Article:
Four Tips for a Better Slapshot in Hockey

Slapshot Tips


This article is a great summary of how to take a slap shot. If you want more articles like this then check out our Hockey Tips website. If you want some more tips on shooting you can read our how to take a slapshot article

Slapshots are important for any hockey player to learn. A good slapshot is very important for any player, especially a defensemen.

The following points are important to remember when taking a slapshot: 

  1. Weight transfer- Just like other shots in hockey using weight transfer when you shoot gives you a lot more power. To transfer your weight all you have to do is lean into the shot, and move your weight forwards.
  2. Stay low and load the stick- When you take a slap shot you should be hitting the ice first (not the puck) by hitting the ice 3-5 inches behind the puck (sometimes even more depending on your age level and stick flex) you cause the stick to flex. You should line the puck up about two inches behind your front foot. When you are taking the slap shot you want to hit the ice between your legs, lean into it, and don't forget weight transfer. This will load your stick with a lot of flex. Another good tip for defensemen is to shoot low, to mid range. The last thing you want to do is take off the head of your own players. If there is no one in front of the net, by all means let a high shot rip. This brings me to my next point.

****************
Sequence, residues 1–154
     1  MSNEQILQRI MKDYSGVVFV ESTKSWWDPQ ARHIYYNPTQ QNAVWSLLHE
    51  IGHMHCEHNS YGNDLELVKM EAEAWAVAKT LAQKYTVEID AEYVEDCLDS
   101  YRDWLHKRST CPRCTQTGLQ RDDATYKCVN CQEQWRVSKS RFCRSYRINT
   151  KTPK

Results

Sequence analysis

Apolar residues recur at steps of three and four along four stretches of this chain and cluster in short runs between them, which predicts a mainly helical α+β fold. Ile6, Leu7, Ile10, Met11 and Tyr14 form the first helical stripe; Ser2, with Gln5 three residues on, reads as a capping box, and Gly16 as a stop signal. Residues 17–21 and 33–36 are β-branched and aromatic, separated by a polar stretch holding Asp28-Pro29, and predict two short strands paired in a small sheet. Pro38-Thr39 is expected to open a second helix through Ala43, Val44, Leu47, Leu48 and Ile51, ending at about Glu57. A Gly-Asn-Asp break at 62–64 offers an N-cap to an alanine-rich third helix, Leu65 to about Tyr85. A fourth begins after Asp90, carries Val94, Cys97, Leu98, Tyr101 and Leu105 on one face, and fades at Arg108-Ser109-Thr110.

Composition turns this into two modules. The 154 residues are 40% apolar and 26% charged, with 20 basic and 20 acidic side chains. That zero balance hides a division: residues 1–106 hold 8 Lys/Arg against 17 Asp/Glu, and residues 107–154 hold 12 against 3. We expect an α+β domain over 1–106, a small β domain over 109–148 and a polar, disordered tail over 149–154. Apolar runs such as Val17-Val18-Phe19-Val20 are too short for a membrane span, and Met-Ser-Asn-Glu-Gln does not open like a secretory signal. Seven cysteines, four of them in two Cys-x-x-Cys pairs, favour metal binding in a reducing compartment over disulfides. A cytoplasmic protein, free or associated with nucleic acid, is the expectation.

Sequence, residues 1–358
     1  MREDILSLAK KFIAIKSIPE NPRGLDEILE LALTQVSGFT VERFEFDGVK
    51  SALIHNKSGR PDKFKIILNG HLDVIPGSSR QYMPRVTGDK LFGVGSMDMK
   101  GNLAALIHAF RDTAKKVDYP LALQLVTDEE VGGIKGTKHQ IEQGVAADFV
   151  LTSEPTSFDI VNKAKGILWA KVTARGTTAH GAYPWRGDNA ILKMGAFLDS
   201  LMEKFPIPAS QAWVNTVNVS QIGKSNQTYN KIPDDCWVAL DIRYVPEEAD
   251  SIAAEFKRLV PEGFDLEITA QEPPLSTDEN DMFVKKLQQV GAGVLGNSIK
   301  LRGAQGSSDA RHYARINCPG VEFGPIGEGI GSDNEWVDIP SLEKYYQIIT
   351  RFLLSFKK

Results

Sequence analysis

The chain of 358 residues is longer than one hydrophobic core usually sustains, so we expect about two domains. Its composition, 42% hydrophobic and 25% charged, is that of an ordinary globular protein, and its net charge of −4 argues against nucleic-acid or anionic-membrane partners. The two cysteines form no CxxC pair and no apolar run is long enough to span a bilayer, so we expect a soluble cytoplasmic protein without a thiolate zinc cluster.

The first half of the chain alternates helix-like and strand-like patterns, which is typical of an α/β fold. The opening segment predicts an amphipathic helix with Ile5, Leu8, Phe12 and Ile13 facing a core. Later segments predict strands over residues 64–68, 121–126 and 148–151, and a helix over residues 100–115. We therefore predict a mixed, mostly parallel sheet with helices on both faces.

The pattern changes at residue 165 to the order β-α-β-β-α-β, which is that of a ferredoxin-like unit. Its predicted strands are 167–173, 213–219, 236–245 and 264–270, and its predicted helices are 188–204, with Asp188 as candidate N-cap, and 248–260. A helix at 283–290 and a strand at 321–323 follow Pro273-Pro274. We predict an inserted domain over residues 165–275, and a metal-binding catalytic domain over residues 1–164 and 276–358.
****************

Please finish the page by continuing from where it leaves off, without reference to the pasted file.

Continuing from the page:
3. Power is important, but Accuracy is key- It is better to be accurate with your slap shot, then to hammer rockets all around the net but never hit it! You will never score if you can not hit the net, so practice your aim first and then work on your power. A good rule is to keep the shot around knee height. You can score goals, and your forwards have a good chance of tip ins
  4. Follow through- Your follow through is important in a slapshot. If you want the puck to go high, you should follow through high, if you are shooting low, than keep your follow through low.

If this FanPost is written by someone other than one of the blog's editors, the opinions expressed in it do not necessarily reflect those of this blog or SB Nation.

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